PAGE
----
By Miranda Birt

Originally posted January 22, 2020

Read, read, read. Read everything — trash, classics, good and bad, and see how they do it. Just like a carpenter who works as an apprentice and studies the master. Read! You’ll absorb it. Then write. If it’s good, you’ll find out. If it’s not, throw it out of the window.

 — William Faulkner

We’ve heard this advice over and over. I know, at some point, reading became another item on my checklist. Sure, we try to read within the genre we prefer to write, but eking out time to read when some of us struggle to find time to write can be a chore.

Read outside your genre.

How many of us have heard this piece of advice? I know I had to the point it became just another item on my checklist. But then, I started to think about it a little deeper. Why are we told to do this? “To strengthen your skills. To look at how other authors use the same story elements.”

All good things, sure. Do I walk over to the westerns and pick something up? Where should I start?

Reading with purpose helps you decide where to look and what to pick up.

Look at your writing to help you decide. What areas of your manuscript need some sprucing up?

How’s your pacing? Too fast? Pick up a classic of nearly any genre to slow down on the foggy moors. Not fast enough? Thrillers are known for slamming their foot on the gas and asking, “what brakes?”.

Is your setting falling flat? Check out fantasy and sci-fi to add a little bit of wonder and flare. Stilted prose? Grab some poetry. Too wordy? Snatch up a short story. Are your characters doing the 2-D two-step? Literary fiction dives so deep into the character that it makes submarines jealous.

Historical fiction, young adult, romance, mystery, horror–each area has strengths and weaknesses. So, when you decide what to read, read for those.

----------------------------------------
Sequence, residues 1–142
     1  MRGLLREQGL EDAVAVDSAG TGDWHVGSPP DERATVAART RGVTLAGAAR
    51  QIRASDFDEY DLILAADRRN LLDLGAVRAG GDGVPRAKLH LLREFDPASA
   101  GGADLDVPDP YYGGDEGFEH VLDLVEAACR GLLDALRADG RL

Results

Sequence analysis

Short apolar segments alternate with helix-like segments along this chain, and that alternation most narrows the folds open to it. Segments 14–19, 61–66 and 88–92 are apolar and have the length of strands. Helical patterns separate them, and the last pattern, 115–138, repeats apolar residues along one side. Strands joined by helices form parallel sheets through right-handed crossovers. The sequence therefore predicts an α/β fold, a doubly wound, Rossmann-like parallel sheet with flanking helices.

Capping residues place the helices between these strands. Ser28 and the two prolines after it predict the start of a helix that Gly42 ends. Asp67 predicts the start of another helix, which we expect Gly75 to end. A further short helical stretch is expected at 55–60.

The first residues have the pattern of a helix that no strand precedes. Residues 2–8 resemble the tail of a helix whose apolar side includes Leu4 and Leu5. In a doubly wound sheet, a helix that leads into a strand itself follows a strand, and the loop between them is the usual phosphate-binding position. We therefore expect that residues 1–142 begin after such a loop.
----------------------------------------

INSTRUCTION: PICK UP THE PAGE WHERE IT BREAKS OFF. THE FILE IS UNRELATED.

Don’t limit yourself to the fiction section to read outside your genre.

Read a history book. Read a language manual. Read about business practices, knitting, and humor. (Seriously, do yourself a favor and pick up a humor book, we all need a laugh.)

Biographies could inspire your next character. History could reveal a new setting or an intriguing artifact to base a plot around. Can you kill someone with knitting needles? Also, who isn’t a fan of witty banter?

Business executives need a lot of creative thinking to stay ahead in their fields, and they are exponentially more productive than I am, that’s for sure. 

Heck, even an SAT prep book can give you a plethora of random facts and a nice jolt to your vocabulary.


Don’t think you need to stop with just reading outside your genre. Every art has something to offer and views the world differently than we do.

Movies are known for their dialogue. Actors take characterization to crazy levels that frequently make the news. Artists see the world in colors and lines, musicians in notes and rhythms, and chefs in flavors and textures.

JC Lynne pulls headlines for stories as well.  The Esau Continuum

A Book That Started with Pictures

April J Moore discovered a box of photos that inspired a true crime tale.  Folsom’s 93

Jeffrey Eugenides And Tiresias

Jim Campain chooses history to frame his stories.  Mysterious Miss Snoddy.

Miranda Birt frequently pretends to know what she’s doing; sometimes it even turns out to be true. She went and got a massage degree, dropped out of traditional college a few times, and owned a small business. After a lot of work and heartbreak, she decided none of it was for her and started over yet again.

Now she spends much of her time at a day job in an attempt to fund her writing habits. Also, to pay down her student loans. Oh, and bills. Because, you know, important things.

Miranda is currently working on a fantasy novel along with puzzling out how exactly one goes about writing these “short” stories.

Published by Writing Heights Writing Bug

A blog by writers for everyone interested in books, reading, writing, and just about everything in between.

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